Wednesday, June 30, 2010

Mouse innards in 3D

Pretty pictures, here, courtesy of Discovery News.

Thursday, June 24, 2010

Brains in space

NASA, ESA and Jesús Maíz Apellániz (Instituto de Astrofísica de Andalucía, Spain)

One of the latest images from the Hubble Space Telescope is this gorgeous picture of a brain in space. Actually, it's a cloud of star-forming gas in the Large Magellanic Cloud, and astronomers call it N-11 or the Bean Nebula. The bright blue stars in the image are newborns: you can read more about the image and what it shows at the Hubble site.

Thanks to the Bad Astronomer for pointing out the resemblance to a brain.

Tuesday, June 15, 2010

The Brain that Changes Itself

If you're in Australia, here's an interesting program to watch tonight:

The Brain That Changes Itself at 19:30pm, Tuesday 15th June, 2010
Based on the best-selling book by Toronto psychiatrist Dr Norman Doidge, this documentary presents a case for reconsidering how we view the human mind. Dr Doidge travels across the USA to meet some of the pioneering brain researchers. He also visits the people who have been most affected by this research - the patients - people once thought of as incurable who are now living normal lives. (From Canada in English) (Documentary) G CC WS

Find out more at SBS.

Thursday, June 10, 2010

Gentlemen, we can rebuild him...

A project at the Swiss Ecole Polytechnique Federale de Lausanne has announced that a synthetic brain is about 10 years away. Cool!

Wednesday, June 2, 2010

Elf5 and breast cancer

Last night's Tuesday Talk at Culture at Work was by Dr Chris Ormandy of the Garvan Institute in Sydney. He discussed his latest research into breast cancer, with lots of images of gorgeous mouse mammaries (not furry porn, but microscope images of branching milk ducts in mice of various ages and stages of lactation). In particular, we learned about the gene called Elf5 that seems to have a role in switching off the proliferation of cells in the mammary ducts and may therefore be a clue to stopping the growth of cancer.

Once again, I was struck by the resemblance of structure at the microscopic scale to macroscopic features on Earth and in space (I have blogged about this before).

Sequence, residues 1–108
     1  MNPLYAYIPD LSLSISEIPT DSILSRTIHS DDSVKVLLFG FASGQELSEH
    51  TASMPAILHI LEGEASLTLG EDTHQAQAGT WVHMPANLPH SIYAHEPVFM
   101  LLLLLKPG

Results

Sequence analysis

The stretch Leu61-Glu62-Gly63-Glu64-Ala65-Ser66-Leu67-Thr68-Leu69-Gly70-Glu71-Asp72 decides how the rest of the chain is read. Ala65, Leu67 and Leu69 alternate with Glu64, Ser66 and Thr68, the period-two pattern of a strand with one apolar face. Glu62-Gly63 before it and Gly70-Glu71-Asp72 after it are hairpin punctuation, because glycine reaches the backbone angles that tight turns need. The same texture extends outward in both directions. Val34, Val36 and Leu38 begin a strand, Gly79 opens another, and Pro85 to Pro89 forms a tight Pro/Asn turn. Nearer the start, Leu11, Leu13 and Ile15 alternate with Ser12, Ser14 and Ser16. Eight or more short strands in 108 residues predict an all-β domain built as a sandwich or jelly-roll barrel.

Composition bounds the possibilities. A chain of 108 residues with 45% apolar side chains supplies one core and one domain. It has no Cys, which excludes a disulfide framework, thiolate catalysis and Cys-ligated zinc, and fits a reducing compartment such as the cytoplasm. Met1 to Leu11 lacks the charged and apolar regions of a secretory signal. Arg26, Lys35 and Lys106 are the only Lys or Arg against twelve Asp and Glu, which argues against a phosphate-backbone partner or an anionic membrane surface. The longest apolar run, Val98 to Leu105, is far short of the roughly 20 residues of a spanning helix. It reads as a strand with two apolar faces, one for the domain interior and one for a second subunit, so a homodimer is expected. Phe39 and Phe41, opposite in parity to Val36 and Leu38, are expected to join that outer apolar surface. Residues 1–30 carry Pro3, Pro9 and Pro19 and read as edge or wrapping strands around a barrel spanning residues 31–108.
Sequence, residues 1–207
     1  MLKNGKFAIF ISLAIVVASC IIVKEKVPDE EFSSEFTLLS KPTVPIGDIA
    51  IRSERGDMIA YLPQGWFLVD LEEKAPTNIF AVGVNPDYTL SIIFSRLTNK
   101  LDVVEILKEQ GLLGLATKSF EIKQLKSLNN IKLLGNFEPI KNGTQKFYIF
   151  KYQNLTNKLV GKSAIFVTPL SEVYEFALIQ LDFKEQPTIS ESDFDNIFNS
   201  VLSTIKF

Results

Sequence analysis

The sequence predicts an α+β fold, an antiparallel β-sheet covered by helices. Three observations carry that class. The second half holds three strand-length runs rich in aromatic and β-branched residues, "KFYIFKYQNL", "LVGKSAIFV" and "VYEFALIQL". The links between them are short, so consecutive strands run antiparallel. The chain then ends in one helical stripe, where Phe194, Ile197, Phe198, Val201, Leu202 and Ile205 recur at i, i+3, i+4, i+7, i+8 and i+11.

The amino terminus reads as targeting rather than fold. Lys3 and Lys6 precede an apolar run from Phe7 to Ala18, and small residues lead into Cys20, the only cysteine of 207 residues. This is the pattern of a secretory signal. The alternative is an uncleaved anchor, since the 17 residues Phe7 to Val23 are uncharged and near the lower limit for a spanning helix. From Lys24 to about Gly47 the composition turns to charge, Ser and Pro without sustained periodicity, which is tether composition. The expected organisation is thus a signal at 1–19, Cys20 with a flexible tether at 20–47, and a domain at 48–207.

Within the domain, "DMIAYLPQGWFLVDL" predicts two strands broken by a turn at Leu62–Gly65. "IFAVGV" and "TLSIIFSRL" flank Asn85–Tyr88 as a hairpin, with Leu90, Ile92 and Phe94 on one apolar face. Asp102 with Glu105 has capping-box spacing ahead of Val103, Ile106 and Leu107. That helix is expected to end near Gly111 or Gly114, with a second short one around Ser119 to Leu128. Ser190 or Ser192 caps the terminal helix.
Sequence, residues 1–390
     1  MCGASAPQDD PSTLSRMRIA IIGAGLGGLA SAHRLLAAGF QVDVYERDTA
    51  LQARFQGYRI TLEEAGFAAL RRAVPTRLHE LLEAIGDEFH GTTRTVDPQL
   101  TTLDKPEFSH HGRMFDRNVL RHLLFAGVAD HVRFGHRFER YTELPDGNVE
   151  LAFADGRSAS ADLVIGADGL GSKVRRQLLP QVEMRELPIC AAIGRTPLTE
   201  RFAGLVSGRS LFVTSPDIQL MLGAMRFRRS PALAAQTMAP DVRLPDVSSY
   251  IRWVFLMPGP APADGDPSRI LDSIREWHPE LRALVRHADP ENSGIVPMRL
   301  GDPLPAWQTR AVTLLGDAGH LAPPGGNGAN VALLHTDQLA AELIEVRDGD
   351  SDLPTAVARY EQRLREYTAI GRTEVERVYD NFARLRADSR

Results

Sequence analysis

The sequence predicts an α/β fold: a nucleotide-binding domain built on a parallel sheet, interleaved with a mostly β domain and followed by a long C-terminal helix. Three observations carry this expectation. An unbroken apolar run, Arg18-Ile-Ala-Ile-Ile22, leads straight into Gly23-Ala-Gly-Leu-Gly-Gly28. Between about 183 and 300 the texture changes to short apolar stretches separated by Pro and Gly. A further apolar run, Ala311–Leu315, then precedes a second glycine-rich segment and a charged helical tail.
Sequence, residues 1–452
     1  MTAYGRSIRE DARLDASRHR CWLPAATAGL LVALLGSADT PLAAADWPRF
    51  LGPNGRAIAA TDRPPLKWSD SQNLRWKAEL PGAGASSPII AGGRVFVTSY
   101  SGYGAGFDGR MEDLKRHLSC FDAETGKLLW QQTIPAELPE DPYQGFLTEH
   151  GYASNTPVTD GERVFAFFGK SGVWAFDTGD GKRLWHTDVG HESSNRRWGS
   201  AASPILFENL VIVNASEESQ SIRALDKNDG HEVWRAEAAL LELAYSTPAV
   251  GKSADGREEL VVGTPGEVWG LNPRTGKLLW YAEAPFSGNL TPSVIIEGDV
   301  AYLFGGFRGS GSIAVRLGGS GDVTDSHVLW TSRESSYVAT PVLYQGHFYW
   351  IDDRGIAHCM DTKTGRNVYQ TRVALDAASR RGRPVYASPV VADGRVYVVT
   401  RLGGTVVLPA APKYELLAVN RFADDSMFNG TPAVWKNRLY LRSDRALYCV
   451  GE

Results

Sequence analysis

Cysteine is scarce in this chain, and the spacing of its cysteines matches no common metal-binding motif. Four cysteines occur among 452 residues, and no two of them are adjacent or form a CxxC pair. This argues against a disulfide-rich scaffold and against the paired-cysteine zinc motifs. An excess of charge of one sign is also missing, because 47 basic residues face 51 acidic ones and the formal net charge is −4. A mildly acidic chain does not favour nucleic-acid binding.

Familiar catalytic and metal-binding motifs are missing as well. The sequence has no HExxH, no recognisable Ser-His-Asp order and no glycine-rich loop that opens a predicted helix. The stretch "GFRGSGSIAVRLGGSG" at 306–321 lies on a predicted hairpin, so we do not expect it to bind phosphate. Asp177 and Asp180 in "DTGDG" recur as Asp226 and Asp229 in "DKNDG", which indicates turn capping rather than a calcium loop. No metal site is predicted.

Dr Ormandy showed alveolar proliferations that look like bunches of grapes on a vine or clusters of cherry blossoms on a branch, and branching mammary ducts that looked like river deltas or the root system of a tree. When I asked him about the similarities of the structures at all scales, he said, "It's all about maximising surface area. Whenever you need to transport liquid efficiently around a system, you use a branching formation." (That may not be an exact quote -- I didn't write it down because my hands were full with a glass of wine. Which might be another reason why it's not an exact quote.)

This NASA image is of a Russian river delta in summer: perhaps you are looking at Mother Earth's mammary gland.

Tuesday, June 1, 2010

Coffee is good for you

According to, epidemiological and animal studies have shown that caffeine may help prevent neuro-degeneration associated with Alzheimer's disease. This calls for a celebratory cappuccino!
Key findings presented in "Therapeutic Opportunities for Caffeine in Alzheimer's Disease and Other Neurodegenerative Diseases":

* Multiple beneficial effects of caffeine to normalize brain function and prevent its degeneration
* Caffeine's neuroprotective profile and its ability to reduce amyloid-beta production
* Caffeine as a candidate disease-modifying agent for Alzheimer's disease
* Positive impact of caffeine on cognition and memory performance

Via The Skeptics Guide to the Universe.